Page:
According to HRSA figures, rural and underserved areas, like much of North Carolina, see higher maternal mortality, at just under 30 deaths per 100,000 live births, than the rest of the nation at just over 18 per 100,000 live births. Half of counties across the United States lack OB-GYNs and more than half don’t have nurse-midwives.

Dr. Pam Reis, department chair of nursing science.

According to HRSA figures, rural and underserved areas, like much of North Carolina, see higher maternal mortality, at just under 30 deaths per 100,000 live births, than the rest of the nation at just over 18 per 100,000 live births. Half of counties across the United States lack OB-GYNs and more than half don’t have nurse-midwives.

McRae said she is “extremely excited for this maternal care funding opportunity for all of our grantees as they will produce the certified nurse-midwives to combat the awful disparity.”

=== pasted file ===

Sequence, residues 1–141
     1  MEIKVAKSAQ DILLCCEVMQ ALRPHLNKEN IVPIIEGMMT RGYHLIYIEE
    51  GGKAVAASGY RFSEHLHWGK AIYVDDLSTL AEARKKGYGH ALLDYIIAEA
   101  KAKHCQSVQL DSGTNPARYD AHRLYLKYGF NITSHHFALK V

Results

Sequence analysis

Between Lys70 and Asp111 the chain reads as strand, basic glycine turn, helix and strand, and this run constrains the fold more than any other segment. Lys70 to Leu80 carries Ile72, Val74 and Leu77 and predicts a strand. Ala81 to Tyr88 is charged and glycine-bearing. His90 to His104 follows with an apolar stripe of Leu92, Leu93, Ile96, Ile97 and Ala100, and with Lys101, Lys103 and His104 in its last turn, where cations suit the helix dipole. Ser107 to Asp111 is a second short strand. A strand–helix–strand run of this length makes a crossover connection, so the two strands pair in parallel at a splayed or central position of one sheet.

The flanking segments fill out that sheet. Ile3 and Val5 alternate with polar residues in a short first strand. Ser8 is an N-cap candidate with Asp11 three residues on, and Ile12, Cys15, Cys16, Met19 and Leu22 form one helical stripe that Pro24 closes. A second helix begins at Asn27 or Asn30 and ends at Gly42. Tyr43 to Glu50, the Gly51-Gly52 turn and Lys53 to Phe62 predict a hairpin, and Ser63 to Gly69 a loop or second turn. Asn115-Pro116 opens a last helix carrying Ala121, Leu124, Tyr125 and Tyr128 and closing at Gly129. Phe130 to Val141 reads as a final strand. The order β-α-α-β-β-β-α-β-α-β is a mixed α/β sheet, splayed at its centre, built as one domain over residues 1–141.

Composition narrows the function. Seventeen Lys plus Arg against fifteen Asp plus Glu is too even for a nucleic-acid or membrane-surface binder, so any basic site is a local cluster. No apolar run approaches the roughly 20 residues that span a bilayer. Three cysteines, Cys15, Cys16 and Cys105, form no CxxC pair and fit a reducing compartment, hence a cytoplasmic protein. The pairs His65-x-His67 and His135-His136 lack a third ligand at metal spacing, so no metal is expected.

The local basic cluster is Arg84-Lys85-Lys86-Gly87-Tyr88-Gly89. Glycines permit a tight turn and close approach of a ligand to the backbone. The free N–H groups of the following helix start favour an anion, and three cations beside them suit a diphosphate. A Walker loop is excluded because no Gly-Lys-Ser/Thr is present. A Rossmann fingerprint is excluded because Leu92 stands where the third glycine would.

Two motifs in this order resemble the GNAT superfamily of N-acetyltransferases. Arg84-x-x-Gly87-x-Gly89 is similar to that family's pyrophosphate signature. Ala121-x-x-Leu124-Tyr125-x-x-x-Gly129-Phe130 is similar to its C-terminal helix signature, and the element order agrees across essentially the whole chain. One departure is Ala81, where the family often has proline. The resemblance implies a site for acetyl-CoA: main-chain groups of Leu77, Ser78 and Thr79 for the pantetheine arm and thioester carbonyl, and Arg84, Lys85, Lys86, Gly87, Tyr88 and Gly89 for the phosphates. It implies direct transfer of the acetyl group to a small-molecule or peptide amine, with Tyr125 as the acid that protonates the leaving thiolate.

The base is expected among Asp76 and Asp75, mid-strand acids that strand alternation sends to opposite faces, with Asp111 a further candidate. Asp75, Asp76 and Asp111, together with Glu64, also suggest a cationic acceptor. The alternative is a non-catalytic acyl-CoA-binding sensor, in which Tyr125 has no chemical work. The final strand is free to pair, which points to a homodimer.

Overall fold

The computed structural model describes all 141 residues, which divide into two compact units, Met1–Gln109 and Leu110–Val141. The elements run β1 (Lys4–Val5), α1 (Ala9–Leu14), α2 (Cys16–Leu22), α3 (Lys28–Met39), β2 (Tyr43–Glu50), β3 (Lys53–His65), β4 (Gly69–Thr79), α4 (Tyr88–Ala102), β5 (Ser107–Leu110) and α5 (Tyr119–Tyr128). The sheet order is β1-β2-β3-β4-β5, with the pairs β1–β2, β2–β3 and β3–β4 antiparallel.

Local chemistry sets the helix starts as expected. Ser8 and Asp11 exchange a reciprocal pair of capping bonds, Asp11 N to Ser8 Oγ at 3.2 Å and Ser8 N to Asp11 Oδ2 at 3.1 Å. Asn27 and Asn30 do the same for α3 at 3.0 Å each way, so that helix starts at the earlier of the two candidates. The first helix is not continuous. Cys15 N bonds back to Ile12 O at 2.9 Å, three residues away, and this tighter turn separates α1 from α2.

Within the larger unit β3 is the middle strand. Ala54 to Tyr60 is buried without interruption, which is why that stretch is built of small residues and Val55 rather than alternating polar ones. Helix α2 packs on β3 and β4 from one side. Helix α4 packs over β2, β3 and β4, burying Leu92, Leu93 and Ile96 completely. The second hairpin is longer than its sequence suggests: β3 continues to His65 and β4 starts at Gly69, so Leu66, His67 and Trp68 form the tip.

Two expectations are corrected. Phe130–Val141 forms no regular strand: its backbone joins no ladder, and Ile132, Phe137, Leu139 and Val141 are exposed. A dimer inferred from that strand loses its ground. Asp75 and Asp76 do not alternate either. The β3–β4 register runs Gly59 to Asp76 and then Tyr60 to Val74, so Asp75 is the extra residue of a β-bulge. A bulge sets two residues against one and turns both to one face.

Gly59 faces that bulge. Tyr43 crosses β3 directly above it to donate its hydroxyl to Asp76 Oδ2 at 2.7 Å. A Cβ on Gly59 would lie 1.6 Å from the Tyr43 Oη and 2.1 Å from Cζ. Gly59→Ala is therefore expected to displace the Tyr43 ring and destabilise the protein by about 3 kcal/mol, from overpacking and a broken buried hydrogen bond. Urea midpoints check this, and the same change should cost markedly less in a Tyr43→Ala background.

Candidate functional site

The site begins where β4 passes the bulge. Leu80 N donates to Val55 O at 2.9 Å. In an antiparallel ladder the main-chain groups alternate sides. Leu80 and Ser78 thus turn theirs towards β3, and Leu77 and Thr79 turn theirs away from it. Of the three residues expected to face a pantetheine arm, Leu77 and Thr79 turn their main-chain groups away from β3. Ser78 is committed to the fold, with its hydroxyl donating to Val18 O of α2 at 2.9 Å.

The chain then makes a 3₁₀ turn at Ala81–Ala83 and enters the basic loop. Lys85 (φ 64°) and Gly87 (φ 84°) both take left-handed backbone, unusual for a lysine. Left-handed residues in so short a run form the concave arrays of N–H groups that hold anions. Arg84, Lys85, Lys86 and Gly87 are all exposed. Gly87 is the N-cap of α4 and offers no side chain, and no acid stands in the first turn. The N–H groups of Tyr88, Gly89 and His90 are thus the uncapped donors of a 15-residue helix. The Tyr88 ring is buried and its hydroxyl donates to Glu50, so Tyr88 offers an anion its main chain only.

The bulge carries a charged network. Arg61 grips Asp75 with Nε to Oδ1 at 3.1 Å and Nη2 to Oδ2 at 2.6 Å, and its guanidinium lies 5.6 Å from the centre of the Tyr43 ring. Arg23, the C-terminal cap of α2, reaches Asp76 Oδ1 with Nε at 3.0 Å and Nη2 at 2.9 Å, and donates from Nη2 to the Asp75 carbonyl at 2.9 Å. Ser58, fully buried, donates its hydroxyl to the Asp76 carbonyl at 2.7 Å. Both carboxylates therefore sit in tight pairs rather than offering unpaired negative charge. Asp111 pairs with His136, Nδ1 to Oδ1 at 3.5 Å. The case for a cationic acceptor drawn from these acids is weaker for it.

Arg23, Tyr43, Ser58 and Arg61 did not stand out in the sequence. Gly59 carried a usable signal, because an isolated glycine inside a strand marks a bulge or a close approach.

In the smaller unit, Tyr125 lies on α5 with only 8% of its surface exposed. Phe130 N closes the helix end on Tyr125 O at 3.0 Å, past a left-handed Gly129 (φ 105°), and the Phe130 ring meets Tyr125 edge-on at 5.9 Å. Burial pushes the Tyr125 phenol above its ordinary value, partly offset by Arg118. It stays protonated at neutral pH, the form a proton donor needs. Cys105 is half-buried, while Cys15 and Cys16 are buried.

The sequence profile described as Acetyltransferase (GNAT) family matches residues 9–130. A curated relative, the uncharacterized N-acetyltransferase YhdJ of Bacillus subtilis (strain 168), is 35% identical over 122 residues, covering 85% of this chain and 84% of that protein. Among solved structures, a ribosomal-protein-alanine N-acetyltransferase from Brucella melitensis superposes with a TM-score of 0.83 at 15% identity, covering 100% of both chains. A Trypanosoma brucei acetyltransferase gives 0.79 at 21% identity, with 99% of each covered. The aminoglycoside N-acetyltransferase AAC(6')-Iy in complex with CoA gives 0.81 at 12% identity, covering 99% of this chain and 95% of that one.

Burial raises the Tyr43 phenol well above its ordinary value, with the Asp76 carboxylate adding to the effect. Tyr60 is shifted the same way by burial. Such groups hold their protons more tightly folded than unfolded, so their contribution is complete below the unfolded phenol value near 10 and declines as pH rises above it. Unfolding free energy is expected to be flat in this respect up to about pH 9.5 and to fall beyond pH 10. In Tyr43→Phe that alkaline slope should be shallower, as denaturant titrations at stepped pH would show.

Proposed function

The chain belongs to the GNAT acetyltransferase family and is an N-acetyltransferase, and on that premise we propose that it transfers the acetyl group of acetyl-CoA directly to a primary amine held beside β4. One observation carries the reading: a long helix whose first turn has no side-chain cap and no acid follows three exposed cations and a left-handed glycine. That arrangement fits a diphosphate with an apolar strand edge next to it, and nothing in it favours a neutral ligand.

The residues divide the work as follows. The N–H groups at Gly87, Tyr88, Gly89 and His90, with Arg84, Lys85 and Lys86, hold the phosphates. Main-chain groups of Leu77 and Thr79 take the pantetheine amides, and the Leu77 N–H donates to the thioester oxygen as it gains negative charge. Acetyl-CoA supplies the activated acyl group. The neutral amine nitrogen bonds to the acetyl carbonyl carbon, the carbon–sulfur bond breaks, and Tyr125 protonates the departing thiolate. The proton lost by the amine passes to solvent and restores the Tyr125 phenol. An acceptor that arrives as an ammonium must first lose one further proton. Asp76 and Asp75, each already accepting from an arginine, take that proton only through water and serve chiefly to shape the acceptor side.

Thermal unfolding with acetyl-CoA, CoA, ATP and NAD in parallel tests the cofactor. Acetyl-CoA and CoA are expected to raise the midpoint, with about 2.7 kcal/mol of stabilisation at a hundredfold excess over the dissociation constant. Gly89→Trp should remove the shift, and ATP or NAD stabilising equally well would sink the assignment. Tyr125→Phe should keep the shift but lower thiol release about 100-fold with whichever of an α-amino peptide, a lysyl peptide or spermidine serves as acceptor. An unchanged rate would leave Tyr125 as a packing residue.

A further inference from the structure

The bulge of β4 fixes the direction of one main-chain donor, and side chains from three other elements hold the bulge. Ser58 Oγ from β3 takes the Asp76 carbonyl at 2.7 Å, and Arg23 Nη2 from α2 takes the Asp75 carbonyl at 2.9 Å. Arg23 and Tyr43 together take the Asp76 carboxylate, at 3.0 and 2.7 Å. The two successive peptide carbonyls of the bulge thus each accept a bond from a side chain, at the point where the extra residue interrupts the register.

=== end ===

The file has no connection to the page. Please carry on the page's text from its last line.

Students in the program will be required to be full time, which means the class load will make working full time very difficult, which most graduate-level student nurses must do to support themselves and their families, Bagley said. Along with covering tuition, funds from the program, up to $25,000 a year, should give students the option to cut back on their hours at work in order to allow them to focus on the rigors of their classwork and clinical training.

Dr. Pamela Reis, department chair of nursing science and director of the doctoral program, authored the grant and is the project director. She agrees that the grant funding is a huge benefit to help recruit and retain the highest quality preceptors possible.

New Rules